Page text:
Wednesday, October 7, 2015

내 생애 가장 아름다운 일주일 (2005)

While there have been many multi-story threaded films before 2003's Love Actually, including one of my favorites, 1999's Magnolia, I sort of feel that Love Actually in particular had quite the impact on Korean filmmakers and producers as following the success of that movie internationally, Korea started producing a number of films that comprised of multiple interconnected stories, similar in style to Love Actually. And 2005 in particular was a year when many of those movies hit, including Sad Movie and the quite successful All for Love, with each of those films' marketing campaigns even mirroring that of Love Actually.

The latter film originally interested me because it was the first solo feature directorial of Min Kyu-dong, who had previous co-directed the interesting Memento Mori and I was curious what he would do with such a different kind of movie in genre and style and, in the end, I was relatively pleased with All for Love, but almost more because of the expansive cast's performances than director Min's own touch or the somewhat simplistic stories therein.

And there are a lot of stories woven into this film. We start with theater owner Chairman Gwak (Joo Hyun), an irascible older man who has a bit of a crush on his tenant, middle aged coffee shop proprietor O Yeoin (Oh Mi-hee), who hopes to be an actress. Chairman Gwak is in a bind as he's been given a lucrative offer to invest rebuilding his theater, but would have to kick out his tenants, including Yeoin in order to do so. Then there's Gim Changhu (Im Chang-jung), newly married to Ha Seonae (Seo Young-hee), who hides his massive debt from his loving wife and runs around illegally selling trinkets on the subway to collect the debt, while Seonae worries that they might not be able to afford having the child she discovered she's pregnant with.

Trying to collect on Changhu's debt is former college basketball star Bak Seongwon (Kim Su-ro), who is cajoled with money by writer I (Jeon Hye-jin) into being in a television segment where he spends time with a young terminally ill girl Jina (Kim Yoo-jung), who claims that she's his daughter. Jina's best friend is Jo Jiseok (Lee Byung-joon), who lives with his harsh, lonely music executive father Jo Jaegyeong (Chun Ho-jin), who hires the cheerful caretaker Min Taehyeon (Jin Tae-hyun).

Meanwhile, Jiseok's hot-tempered psychiatrist mother Heo Yujeong (Uhm Jung-hwa) develops an interest in a relatively innocent, but dense, bachelor cop Na Docheol (Hwang Jung-min). Finally, pop singer Yu Jeonghun (Jung Kyung-ho), stressed by a contract dispute with Jaegyeong, ends up with a mental illness and under Yujeong's care, sharing a room with mentally unstable nun-in-training Im Sugyeong (Yoon Jin-seo), who harbors a secret fixation on Jeonghun.

Independently, most of the stories are a bit shallow, the romance between Yujeong and Docheol being inexplicable on the part of Yujeong while Suyeong and Jeonghun as well as Chairman Gwak and Yeoin's stories just barely connect to the others. However, a few of the stories do carry some interesting weight, like the hard luck story of Changhu and Seonae as an examination of the challenge of financial hardship on relationships and there is an interesting, though reserved look at homosexual issues with Jaegyeong. Meanwhile, the manipulative story of Seongwon and Jina still manages to be fairly convincing at least until the end basketball moment--but I like how we get to dig a little deeper into his relationship with Jina's mother, Yeonju (Ha Ji-won).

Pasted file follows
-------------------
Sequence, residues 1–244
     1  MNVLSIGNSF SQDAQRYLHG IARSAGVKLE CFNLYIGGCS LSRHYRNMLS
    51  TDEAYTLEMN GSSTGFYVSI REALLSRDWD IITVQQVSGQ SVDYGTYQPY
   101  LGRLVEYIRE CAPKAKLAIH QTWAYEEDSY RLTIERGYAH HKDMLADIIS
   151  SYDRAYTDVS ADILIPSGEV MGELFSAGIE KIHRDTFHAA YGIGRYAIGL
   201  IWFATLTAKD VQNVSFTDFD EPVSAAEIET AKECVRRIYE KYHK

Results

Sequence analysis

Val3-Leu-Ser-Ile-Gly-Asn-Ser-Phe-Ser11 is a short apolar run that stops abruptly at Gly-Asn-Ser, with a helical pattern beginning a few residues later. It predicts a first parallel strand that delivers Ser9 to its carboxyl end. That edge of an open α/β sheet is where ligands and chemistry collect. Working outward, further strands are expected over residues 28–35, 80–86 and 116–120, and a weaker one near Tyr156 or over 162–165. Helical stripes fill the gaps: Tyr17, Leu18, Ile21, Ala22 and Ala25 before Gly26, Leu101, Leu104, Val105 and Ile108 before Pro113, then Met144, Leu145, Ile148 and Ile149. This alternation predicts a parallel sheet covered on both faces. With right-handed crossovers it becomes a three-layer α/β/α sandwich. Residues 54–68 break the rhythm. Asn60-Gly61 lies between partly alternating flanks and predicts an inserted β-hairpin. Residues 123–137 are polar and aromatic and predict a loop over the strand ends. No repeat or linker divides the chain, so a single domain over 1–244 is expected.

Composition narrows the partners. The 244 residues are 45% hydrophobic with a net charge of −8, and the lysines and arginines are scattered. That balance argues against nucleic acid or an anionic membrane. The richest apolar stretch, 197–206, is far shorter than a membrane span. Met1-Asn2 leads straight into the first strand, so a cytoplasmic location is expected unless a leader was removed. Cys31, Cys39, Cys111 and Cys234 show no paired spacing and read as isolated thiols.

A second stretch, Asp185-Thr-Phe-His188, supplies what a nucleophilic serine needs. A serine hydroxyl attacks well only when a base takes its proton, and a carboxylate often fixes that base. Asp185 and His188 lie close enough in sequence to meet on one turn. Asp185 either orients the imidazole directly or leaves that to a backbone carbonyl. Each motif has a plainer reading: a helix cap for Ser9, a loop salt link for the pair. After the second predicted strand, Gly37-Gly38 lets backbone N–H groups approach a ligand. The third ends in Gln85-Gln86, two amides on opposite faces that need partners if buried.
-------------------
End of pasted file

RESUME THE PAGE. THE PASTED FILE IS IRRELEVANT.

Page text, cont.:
There's also a really strong moment of intersection between several of the stories when Jina's condition gets worse, leading Jiseok to run away and drawing in both parents, their respective issues as well as Changhu and Seonae. Yes, the resolution at the end is a little tidy and some of the stories are still not terribly compelling at the end, but when you look at the breadth of what's going on and how many of the stories are still at least amusing if not compelling, it's still an appreciable tapestry that's woven.

And much of this is thanks to the efforts of the many first rate performing together. The clash of Uhm Jung-hwa's wordly Yujeong and Hwang Jung-min's strangely innocent Docheol might be obnoxious with lesser actors but both manage to give the two enough personality and chemistry that they still work, even if the writing doesn't quite merit what happens. Similarly the exuberance of Seo Young-hee brings out a lot of charm in Im Chang-jung and Seonae's transformation from joyful to fearful is captivating which Im's face naturally captures Changhu's sadsack nature well. And even as much as I dislike the inherent manipulation of child terminal illness characters in fiction, even little Kim Yoo-jung is cute enough that you can't be too disappointed and can understand how she changes Seongwon.